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Home » What’s going on in the mortgage industry and why does it matter? By

What’s going on in the mortgage industry and why does it matter? By

I’m sure you’ve heard – lenders don’t have any money,  they are not funding loans, We cant record deeds and in general the sky is falling in regards to lending and the rest of the world… Right? 

Well,  those things are simply not true.

What is true, is that we must be smarter & more responsible about our lending.

Rest assured, this is not a repeat of 2008 and here’s why:

  • Banks are being used as the solution in 2020, rather than creating the problem in 2008
  • In 2008, solvency of banks was core to the crisis due to the implosion of subprime mortgages, whereas in 2020 the effects of COVID-19 will have the most severe consequences concentrated in the transportation and hospitality sectors
  • The initial Federal Reserve response is directed at preventing a credit crisis from evolving into a full-blown financial crisis.  Banks are at the center of the Federal Reserve efforts to prevent financial market credit stresses from becoming a full-blown systemic financial crisis. The challenge is to utilize the banking system, which remains relatively healthy, to get credit to non-bank financial institutions, households and businesses that need access to credit

The US alone is scheduled to issue an additional $1 trillion in bonds to fund its fiscal stimulus, with Europe and Asia scheduled to issue massive amounts of government bonds as well to fund their economic stimulus plans. This unexpected avalanche of bond supply, coupled with ongoing uncertainty regarding the impact of the 

COVID-10 / Coronavirus is creating enormous amounts of volatility in the market.

The government is proposing a 12-month forbearance for borrowers making payments.  What you need to know about government loans is that if the government enacts a 12-month forbearance to the borrower, the servicer of that loan would need to advance the principal and interest payment for the borrower for that 12-month period.  At the end of the 12-month period, the borrower would not be forgiven the 12 months, but rather be required to make up the payments.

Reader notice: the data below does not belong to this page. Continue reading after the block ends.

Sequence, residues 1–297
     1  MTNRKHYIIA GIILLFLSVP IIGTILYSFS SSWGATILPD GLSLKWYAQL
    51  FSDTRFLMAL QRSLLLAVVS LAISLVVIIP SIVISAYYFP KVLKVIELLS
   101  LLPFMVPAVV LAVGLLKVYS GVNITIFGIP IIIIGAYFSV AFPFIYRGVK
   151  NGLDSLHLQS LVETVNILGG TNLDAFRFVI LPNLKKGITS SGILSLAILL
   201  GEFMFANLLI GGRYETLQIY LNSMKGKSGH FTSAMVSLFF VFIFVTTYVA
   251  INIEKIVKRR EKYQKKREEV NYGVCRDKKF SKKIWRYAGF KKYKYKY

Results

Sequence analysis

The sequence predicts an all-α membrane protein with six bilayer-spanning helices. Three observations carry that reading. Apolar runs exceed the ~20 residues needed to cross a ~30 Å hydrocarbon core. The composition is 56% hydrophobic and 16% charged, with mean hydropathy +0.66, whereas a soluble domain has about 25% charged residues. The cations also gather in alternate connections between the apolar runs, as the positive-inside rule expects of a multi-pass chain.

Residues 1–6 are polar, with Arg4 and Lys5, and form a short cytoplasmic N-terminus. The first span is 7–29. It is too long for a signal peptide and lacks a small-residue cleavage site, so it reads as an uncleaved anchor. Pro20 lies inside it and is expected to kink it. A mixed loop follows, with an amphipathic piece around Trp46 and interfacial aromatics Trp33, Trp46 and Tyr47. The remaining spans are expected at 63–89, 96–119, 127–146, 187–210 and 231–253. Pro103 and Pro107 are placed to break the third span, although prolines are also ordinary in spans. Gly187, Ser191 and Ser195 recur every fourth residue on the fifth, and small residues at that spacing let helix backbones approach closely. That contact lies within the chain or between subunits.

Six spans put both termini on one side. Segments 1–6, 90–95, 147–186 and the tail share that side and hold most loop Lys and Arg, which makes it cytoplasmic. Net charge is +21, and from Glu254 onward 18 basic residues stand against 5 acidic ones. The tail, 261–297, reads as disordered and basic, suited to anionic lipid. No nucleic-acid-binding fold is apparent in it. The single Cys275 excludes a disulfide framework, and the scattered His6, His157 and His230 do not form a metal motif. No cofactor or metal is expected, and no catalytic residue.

This could be life changing for a borrower and not in a good way. Most likely, the borrowers wont have the ability to make a lump sum payment at the end of the forbearance – which could put them into a default status.

I feel personally responsible for the employees & their families that work at NOVA 

AND my borrowers and their families. Market liquidity is at the top of our list.  We are currently experiencing unprecedented Federal Reserve stimulus that is creating market behavior never seen before.  

Thankfully, NOVA positioned ourselves to avoid collateral damage from the volatility.

All Lenders are in the same situation, no one is immune or has “portfolio money”  or “special pools set aside” at lower rates.  If they hear that in the market, its just a sales person selling something.  If they shop on the internet right now they will be shocked at the rates they see.  If they see “low rates” it will have upfront Points & fees associated with it, otherwise it is just a bait & switch quote.

We are your  Trusted Mortgage Professional that will look out for the best needs of the client – we will be honest and help them navigate the scary  & uncertain times we are in regarding their finances. 

As a Country, we will come through this virus pandemic even stronger & better than before.

These times require that we stay ahead of the curve and do not fall behind to ensure that we are in the best possible position to serve our borrowers by under promising and over delivering.  

It is the motto that NOVA was built on and needs to continue. 

We are Open for Business.